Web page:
Sometimes it is important to step back from the day-to-day activities, analyze your current environment (including both the good practices and the areas of development), and then think about different ways to bring value to your existing solutions. And this is exactly why VMware offers our Ops Transformation Performance & Capacity Management services – to help our customers to maximize their vRealize Operations investments by driving them towards different ways of doing things…because if you do what you’ve always done, you’ll always get the same results!

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Alberto Martinez is an operations architect with the VMware Operations Transformation EMEA practice and is based in Spain.

Build Your Operations Transformation Agenda for VMworld Barcelona 2015

dc2105-150x150By: Andy Troup

For those of you fortunate enough to attend VMworld Barcelona from October 12 to October 15, here is the Operations Transformation breakout session agenda, to help you plan your schedule.

As a reminder, the track is focused on helping you understand how the VMware Software-Defined Data Center is redefining IT infrastructure, and how it enables IT organizations to combine technology and a new way of operating to become more service-oriented and focused on business value. This track offers unique opportunities to learn the latest best practices and key considerations from experienced VMware experts and practitioners transforming their IT infrastructures and operational processes.

In Barcelona, the Operations Transformation track is offering 3 different types of sessions. There are 7 breakout sessions and one Group Discussion session all of which last for an hour. In addition, and new for this year, there are also 2 Quick Talk sessions which last for 30 minutes and are available on Monday October 12.

Operations Transformation

VMworld 2015

VMworld 2015

The track as a whole is all about how to transform the way that you operate so that you can really start to get the benefits of your technology investment and become a service provider to your customers. There are a number of sessions that cover how transformation is achieved. This includes a session covering VMware’s own transformation and our “OneCloud” implementation. Some of VMware’s transformation specialists who have helped many customers undertake a transformation will also be providing you with details of best practices and pitfalls to watch out for. Check out the following sessions:

  • OPT4682-QT – A Roadmap for Transformation – Planning Your Future State and Ensuring Governance
  • OPT5361 – Best Practice Approaches to Transformation with the Software-Defined Data Center
  • OPT5814-QT – AGILE for Infrastructure: Utilizing Agile Methods to Drive Iterative Infrastructure Development and IT Service Delivery
  • OPT5972 – 80,000 VM’s and Growing! VMware’s Internal Cloud Journey Told by the People on the Frontline

vRealize Suite

The vRealize suite of products features in the OPT track this year, covering vRealize Automation, vRealize Buisness, vRealize Operations and vRealize CodeStream and how they have been instrumental in enabling operational transformation. How vRealize Business can be used to help you become service focused and really manage IT as a business will be covered as well as how to build effective cost models.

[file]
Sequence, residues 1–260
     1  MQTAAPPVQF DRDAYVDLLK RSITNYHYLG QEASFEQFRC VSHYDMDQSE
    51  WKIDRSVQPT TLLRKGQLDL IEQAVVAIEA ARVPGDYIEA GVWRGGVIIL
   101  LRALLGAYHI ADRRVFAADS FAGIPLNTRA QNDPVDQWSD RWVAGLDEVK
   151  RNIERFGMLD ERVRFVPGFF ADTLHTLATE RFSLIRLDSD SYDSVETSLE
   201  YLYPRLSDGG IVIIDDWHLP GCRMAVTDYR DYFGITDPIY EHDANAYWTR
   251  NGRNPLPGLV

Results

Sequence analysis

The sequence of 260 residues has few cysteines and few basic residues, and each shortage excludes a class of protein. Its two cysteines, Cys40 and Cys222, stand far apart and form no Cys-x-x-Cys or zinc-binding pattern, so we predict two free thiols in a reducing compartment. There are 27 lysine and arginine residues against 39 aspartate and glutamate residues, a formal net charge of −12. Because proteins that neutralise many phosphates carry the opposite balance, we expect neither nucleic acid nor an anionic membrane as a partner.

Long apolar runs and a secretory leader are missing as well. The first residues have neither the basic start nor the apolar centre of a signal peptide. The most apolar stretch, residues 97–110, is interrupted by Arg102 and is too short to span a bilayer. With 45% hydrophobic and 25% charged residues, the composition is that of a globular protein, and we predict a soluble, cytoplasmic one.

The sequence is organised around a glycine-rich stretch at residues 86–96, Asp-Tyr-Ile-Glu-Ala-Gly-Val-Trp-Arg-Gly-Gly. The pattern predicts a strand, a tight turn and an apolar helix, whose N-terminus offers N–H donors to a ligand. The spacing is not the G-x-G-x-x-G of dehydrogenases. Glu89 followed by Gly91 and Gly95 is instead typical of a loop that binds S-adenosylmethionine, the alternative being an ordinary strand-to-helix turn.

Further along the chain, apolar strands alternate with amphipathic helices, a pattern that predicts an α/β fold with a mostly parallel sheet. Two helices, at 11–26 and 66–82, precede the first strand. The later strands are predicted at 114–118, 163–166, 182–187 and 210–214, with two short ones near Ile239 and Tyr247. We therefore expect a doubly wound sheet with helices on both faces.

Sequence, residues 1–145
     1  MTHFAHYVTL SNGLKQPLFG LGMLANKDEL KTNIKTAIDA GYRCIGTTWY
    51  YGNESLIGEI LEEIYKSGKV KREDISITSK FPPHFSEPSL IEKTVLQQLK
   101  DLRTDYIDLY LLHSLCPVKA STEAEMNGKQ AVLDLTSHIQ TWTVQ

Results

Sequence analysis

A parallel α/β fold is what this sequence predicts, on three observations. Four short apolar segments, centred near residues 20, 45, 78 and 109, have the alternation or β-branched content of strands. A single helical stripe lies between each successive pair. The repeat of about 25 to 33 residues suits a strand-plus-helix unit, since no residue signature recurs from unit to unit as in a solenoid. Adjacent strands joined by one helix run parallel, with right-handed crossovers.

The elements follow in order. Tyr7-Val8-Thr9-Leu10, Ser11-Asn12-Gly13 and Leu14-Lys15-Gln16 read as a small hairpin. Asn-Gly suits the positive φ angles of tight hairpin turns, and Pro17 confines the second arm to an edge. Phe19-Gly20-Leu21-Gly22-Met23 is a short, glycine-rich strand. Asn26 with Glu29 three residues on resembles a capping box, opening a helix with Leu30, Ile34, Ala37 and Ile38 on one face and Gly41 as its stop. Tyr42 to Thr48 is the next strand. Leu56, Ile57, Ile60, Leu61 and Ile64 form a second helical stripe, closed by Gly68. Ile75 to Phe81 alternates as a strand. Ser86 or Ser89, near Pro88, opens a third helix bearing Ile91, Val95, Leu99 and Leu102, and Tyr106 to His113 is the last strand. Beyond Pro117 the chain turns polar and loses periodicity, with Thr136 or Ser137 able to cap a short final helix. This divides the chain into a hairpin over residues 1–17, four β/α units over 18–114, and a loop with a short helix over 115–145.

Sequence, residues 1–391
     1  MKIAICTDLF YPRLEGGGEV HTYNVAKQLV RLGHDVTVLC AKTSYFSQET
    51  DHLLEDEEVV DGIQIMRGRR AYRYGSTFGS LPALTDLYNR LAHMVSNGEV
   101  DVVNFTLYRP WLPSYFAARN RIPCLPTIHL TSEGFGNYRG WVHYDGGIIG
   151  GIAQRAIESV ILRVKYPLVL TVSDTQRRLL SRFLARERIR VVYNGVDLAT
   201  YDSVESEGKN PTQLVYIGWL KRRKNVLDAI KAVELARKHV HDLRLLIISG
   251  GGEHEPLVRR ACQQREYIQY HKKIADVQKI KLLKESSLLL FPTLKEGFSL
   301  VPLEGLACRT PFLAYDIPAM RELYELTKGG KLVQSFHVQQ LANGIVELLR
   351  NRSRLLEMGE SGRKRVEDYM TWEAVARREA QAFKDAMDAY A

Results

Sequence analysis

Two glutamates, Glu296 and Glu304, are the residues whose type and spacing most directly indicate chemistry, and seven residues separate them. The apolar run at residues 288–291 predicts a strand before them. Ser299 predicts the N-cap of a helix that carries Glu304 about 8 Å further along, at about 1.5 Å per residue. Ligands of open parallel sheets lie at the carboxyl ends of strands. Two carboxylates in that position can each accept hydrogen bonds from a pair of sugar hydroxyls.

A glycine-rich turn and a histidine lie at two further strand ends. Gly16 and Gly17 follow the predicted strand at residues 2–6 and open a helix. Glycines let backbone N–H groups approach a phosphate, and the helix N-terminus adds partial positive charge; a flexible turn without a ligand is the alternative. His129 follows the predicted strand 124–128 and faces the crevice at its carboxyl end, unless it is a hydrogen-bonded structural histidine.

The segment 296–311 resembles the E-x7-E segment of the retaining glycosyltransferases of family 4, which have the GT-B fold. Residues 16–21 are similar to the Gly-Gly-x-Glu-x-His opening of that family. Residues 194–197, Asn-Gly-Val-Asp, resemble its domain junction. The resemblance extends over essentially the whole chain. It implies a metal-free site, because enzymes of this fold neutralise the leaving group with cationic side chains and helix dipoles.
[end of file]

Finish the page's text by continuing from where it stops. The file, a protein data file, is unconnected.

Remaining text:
Other sessions will show how the implementation of vRealize Operations has enabled customers to undertake their transformation and manage the services that they are offering. How close integration between vRealize Operations and vRealize Automation has meant a clearer understanding of the service provision process and the operational benefits will be covered in another session.

Check out the following sessions:

  • OPT4680 – Advanced  Automated  Approvals Use Case—Using vRealize Operations and vRealize Automation to Seize Back the Approval Charter
  • OPT4992 – VMware vRealize Code Stream:  Is DevOps about Tools or Transformation?
  • OPT5029 – How to Use Service Definitions in VMware vRealize Business to Build Highly Effective, Service-Based Cost Models
  • OPT5075 – 6 Steps to Establish Your IT Business Management Office (ITBMO) with VMware vRealize Business

NSX

NSX is become front of mind for many people, and there is realization that this technology product is having a big impact on the way that IT groups operate. The OPT track is offering a session that will provide real world experiences of how this takes shape.

  • OPT4953 – Operationalizing VMware NSX:  Practical Strategies and Lessons from Real-World Implementations

SDDC

The impact that the implementation of the Software Defined Datacenter has on organizational structure is a common discussion point, and this year the OPT track offers a group discussion with leading organizational change specialists who have a vast amount of experience with many customers.

  • OPT4743-GD – Organizational Change Group Discussion

Use the Schedule Builder tool at vmworld.com to locate these sessions and schedule into your VMworld agenda. Hope to see you there.

 


Andy Troup is a Cloud Operations Architect with over 25 years of IT experience. He specializes in Cloud Operations and Technology Consulting Service Development. Andy is also a vCAP DCA and VCP. Andy possesses a proven background in design, deployment and management of enterprise IT projects. Previously, Andy co-delivered the world’s first and subsequent vCloud Operational Assessments (Colt Telecomm & Norwegian Government Agency) to enable the early adoption of VMware’s vCloud implementation.

 

Adopt Before You Adapt Your IT Processes

worthingtonp-cropBy John Worthington

Many people familiar with ITSM have heard the expression ‘adopt & adapt’ as a good practice, but it’s worth noting the order in which these words are placed. You must adopt before you can adapt. This leads to the question, when has a process been ‘adopted’?